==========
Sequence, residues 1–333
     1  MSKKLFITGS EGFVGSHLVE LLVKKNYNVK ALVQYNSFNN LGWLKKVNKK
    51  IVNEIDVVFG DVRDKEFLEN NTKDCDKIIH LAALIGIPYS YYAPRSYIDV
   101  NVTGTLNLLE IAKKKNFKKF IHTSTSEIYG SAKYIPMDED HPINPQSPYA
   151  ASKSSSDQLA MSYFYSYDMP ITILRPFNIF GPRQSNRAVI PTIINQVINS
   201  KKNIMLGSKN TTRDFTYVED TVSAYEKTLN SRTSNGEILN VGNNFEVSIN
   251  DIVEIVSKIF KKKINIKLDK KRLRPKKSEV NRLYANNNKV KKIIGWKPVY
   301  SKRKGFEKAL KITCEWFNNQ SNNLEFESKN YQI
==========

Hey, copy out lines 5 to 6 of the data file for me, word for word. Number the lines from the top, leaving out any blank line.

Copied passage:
   151  ASKSSSDQLA MSYFYSYDMP ITILRPFNIF GPRQSNRAVI PTIINQVINS
   201  KKNIMLGSKN TTRDFTYVED TVSAYEKTLN SRTSNGEILN VGNNFEVSIN